Report: al Qaida targets Pearl Harbor

WASHINGTON, March 3 (UPI) -- Militants linked to Osama bin Laden's al Qaida network have targeted U.S. military facilities in Pearl Harbor, including nuclear-powered submarines and ships, The Washington Times reported Monday.

In the past two weeks, U.S. officials received intelligence reports about the terrorist threat to the Hawaiian harbor and these coincided with reports of the planning of a major attack by al Qaida, the group blamed for the Sept. 11, 2001, terror attacks on New York and Washington.


The Times said the reports were one reason why the threat level was raised from yellow to orange. Last week, the alert status was again lowered to yellow or elevated.

The newspaper quoted officials familiar with the reports as saying al Qaida was planning to attack Pearl Harbor because of its symbolic value and because its military facilities are open from the air.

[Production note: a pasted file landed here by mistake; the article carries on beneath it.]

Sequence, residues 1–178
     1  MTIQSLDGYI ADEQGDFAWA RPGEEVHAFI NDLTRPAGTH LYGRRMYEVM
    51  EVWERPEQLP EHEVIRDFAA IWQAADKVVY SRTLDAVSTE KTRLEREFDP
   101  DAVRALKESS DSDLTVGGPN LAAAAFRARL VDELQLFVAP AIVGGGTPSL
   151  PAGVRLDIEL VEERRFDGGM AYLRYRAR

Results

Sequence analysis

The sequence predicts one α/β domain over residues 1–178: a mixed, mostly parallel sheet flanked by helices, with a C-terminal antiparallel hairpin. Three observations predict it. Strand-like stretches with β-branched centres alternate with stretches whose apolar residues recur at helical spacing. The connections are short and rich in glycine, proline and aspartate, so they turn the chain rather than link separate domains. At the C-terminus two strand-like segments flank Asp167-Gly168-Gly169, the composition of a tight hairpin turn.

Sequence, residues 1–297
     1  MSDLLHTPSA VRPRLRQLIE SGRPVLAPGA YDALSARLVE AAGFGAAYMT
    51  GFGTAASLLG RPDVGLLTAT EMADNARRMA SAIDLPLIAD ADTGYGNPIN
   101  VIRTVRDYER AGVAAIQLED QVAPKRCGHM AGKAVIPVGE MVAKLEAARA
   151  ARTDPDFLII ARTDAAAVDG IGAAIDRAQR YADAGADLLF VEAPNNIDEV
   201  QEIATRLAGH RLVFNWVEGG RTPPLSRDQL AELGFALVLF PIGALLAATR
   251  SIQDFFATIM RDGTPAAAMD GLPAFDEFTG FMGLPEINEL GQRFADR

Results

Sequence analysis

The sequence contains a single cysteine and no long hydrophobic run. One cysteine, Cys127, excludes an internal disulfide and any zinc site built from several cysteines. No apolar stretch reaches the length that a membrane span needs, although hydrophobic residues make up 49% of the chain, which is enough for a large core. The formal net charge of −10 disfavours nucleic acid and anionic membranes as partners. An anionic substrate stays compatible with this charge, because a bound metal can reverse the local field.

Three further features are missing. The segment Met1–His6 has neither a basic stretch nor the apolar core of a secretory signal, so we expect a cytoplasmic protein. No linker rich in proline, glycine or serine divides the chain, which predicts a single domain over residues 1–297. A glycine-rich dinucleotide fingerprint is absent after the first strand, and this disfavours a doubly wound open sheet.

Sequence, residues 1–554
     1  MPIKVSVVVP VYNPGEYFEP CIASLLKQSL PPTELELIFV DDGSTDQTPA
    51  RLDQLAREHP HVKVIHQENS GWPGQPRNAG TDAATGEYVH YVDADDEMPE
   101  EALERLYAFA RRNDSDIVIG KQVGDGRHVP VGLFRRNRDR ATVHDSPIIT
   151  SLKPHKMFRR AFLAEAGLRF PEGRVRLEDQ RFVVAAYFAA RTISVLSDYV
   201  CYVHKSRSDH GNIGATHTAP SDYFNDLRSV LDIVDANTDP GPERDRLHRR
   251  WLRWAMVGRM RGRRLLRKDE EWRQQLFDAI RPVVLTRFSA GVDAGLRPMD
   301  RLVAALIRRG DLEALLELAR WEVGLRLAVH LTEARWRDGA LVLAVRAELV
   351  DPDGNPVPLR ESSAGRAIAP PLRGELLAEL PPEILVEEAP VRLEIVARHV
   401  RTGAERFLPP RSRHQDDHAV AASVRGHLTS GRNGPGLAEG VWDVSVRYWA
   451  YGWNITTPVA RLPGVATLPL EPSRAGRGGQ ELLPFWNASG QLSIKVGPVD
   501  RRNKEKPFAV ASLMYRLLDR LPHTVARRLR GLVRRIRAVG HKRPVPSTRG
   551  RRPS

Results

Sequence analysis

Officials told the newspaper that hijacked airliners would be flown into submarines or ships docked at Pearl Harbor.

"The targeting includes nuclear ships and submarines and military facilities in the Pearl Harbor area," a defense official told the Times.

Thirty Navy and Coast Guard warships, including 18 nuclear submarines, five destroyers and two frigates, are stationed at the harbor.


The Times said another target on Hawaii was the Hickam Air Force Base, located near Honolulu airport.

On Sept. 11, two hijacked airliners were used to down the twin towers of the World Trade Center in New York. A third plane crashed into the Pentagon near Washington and fourth crashed in rural Pennsylvania. Nearly 3,000 people were killed.

A spokesman for the U.S. Pacific Command, based in Hawaii, did not comment on the Times report.

The newspaper quoted a defense official in Hawaii as saying no extra security measures had been taken in response to the reports.

"All the installations down here are on a pretty high state of security and have been for a number of months," the official said. "Security at Pearl Harbor has been at a heightened state for some time."

The official said, however, security had been increased at Honolulu International Airport.

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